A4: I think my engineering days are done for now, as I’m really just concentrating mostly on original material and exploring what I can do, what I enjoy, and what makes me happy at the end of the day in the studio. I think on discogs most of my engineering work should be listed. It was fun and good experience for a while, but now I want to concentrate on my own stuff.

Q5: While EDM and specifically House music has its origins in the USA, there is no doubt that for a very long time Europe was leading the way as far as Electronic music, especially Trance is concerned, aside from exceptions like BT and Christopher Lawrence. But in recent years, a host of US DJ’s, including yourself have come to light, proving to be a force to be reckoned with in the “Trance” world… What would you attribute this to, being from the US and currently living in Europe yourself?

A5 : It’s weird that the world assumes people need to be fom a certain part of the world to make a certain type of music or play a sport (or be a certain race even at times). Well, look at it this way, when Tiger Woods is the best golf pro and Eminem is the best rapper, I think the dance scene is allowed to have some quality trance names ;)

Q6. Any Sean Tyas fan, knows that a great deal of inspiration comes from your beautiful wife and daughter, having released tracks specifically dedicated to them… and with good reason. What else inspires Sean Tyas, though?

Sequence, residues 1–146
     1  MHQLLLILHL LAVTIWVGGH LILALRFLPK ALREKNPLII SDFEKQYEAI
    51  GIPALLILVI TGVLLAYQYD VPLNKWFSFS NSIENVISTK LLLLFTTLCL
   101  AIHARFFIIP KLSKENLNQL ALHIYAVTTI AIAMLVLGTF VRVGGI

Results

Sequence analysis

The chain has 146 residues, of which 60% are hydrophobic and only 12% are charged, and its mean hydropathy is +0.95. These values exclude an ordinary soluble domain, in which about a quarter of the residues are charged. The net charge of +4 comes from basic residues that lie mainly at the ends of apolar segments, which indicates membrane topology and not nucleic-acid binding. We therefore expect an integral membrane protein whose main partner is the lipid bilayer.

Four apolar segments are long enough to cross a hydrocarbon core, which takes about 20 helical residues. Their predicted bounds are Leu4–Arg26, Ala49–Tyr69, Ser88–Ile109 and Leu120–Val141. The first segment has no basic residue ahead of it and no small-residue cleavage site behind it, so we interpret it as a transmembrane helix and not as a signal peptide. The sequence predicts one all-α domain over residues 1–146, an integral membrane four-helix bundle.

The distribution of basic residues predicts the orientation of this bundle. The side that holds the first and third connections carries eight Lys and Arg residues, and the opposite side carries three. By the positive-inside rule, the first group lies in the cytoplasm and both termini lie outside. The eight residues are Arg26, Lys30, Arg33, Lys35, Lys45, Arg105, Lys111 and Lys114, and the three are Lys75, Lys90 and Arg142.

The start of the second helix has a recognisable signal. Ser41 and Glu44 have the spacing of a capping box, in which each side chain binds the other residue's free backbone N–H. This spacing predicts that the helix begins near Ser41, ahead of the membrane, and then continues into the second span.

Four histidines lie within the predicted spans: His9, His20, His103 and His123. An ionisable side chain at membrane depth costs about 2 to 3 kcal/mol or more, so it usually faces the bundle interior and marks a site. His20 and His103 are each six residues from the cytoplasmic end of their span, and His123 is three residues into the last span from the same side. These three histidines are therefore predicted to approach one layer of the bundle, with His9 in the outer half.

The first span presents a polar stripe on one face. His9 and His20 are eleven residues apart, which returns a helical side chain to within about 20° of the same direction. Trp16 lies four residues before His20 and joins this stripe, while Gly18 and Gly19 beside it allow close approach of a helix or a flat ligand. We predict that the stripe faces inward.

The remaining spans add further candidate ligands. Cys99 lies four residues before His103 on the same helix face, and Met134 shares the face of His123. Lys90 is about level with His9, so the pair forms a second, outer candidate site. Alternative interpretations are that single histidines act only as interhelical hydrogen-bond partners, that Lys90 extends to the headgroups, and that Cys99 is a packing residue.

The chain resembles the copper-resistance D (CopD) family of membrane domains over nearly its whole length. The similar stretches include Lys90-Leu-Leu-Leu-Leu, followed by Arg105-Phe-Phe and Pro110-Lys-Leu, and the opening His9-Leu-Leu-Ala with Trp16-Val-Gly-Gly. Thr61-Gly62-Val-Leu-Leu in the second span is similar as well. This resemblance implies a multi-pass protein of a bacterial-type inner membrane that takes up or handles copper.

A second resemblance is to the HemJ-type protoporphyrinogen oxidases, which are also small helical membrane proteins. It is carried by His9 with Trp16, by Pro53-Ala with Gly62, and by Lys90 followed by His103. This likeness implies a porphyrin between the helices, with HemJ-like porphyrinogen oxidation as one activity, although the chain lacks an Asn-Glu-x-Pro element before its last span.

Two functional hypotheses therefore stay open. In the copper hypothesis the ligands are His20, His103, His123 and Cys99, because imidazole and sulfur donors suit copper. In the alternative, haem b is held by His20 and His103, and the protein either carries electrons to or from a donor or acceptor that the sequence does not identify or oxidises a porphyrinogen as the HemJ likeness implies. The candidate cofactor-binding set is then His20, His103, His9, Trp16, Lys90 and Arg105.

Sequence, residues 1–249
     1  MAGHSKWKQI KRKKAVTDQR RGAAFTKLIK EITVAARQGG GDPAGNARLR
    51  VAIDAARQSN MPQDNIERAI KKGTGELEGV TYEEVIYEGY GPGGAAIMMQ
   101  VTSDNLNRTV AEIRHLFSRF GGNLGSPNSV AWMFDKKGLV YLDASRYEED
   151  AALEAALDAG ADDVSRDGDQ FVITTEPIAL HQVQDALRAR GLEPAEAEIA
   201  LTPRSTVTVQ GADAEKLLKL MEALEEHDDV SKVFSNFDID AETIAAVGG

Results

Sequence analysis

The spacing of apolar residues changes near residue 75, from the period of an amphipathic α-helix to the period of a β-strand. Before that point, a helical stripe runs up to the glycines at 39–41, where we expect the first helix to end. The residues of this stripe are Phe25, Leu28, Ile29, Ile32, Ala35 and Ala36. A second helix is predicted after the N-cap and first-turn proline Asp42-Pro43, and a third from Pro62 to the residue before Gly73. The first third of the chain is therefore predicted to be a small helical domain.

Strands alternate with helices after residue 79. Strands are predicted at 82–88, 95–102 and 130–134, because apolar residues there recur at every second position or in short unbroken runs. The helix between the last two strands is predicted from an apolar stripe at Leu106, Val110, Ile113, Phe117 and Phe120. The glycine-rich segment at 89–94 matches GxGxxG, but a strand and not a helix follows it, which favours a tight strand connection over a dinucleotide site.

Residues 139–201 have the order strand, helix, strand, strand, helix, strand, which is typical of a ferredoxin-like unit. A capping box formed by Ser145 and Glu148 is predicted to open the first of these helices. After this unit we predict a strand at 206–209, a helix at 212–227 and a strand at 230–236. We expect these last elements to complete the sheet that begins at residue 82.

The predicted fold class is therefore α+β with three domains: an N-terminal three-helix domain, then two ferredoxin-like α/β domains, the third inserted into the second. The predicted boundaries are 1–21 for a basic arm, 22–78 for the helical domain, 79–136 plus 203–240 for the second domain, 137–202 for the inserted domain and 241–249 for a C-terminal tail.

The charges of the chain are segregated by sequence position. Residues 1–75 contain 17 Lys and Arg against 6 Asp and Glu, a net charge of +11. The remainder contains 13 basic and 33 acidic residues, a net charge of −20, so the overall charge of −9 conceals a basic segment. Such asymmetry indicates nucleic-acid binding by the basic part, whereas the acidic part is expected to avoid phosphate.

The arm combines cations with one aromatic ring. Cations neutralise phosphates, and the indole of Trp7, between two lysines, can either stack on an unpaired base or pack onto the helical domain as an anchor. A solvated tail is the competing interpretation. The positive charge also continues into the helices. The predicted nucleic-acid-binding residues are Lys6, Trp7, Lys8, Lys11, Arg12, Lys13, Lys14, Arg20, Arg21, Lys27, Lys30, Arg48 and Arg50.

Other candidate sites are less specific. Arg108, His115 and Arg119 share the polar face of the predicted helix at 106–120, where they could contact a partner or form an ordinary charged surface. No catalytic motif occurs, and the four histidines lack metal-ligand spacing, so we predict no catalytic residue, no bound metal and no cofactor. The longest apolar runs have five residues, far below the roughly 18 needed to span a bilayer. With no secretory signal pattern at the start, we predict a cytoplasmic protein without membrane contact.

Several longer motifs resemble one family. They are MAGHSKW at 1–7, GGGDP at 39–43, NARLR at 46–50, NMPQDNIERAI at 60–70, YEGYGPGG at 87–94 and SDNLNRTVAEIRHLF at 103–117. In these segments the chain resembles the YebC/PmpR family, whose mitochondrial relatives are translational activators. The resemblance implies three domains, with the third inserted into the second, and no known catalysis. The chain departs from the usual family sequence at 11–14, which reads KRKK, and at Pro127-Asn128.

A6: Good new sounds and beautiful melodies, as always. Or crazy set of percussions mayhaps. Yes, I said mayhaps.

Q7: There’s no doubt that Producers and DJ’s around the world look up to you… Are there any artists you specifically look up to yourself?

A7: Prydz, Far Too Loud, Knife Party, Paul van Dyk, Moby, The Prodigy

Q8: You’ve produced enough singles to fit on quite a few Albums, and collaborated with some of the world’s biggest DJ’s, what are the chances of seeing a Sean Tyas artist album any time soon, and are there any specific artists you would love to work with in future?

A8: We’ll see, I think making an album in these days where CDs are BARELY even manufactured anymore. I just don’t see the point to release 12 tracks all on the same day. Not only that, to save up all these tracks from the day 1 of starting the work (usually artists take 12-18 months of work) and release them so much time after he/she finished them. I know most producers move quick with their technique and style and the oldest tracks may not always represent them correctly.

Q9: One of your biggest tracks entitled “Solo” samples a very famous Guns & Roses riff… Which leads me to believe that there’s much more to Sean Tyas’ taste than we might imagine… what’s playing on your IPOD/Mp3 Player/Car Radio right now?

A9: Solo has that riff re-created not sampled, had to clarify that point ;) And in my car stereo usually whatever my wife wants to put into the CD Changer! ;) As for my iPhone/iPad, no music at all! Just games!

Q10: What can we expect from Sean Tyas in the near and distant future?

 A10: Tytanium relaunches very soon, a lot more singles which im quite excited about covering a lot of ground, including of course, high energy trance music.





Post a Comment


Twitter Delicious Facebook Digg Stumbleupon Favorites More